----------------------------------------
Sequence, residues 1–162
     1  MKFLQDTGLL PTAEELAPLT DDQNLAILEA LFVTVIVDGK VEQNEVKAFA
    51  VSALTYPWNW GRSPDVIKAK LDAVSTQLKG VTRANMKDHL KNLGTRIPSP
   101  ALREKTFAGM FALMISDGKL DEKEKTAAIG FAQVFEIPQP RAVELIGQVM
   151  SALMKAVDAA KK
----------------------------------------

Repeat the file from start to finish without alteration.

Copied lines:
Sequence, residues 1–162
     1  MKFLQDTGLL PTAEELAPLT DDQNLAILEA LFVTVIVDGK VEQNEVKAFA
    51  VSALTYPWNW GRSPDVIKAK LDAVSTQLKG VTRANMKDHL KNLGTRIPSP
   101  ALREKTFAGM FALMISDGKL DEKEKTAAIG FAQVFEIPQP RAVELIGQVM
   151  SALMKAVDAA KK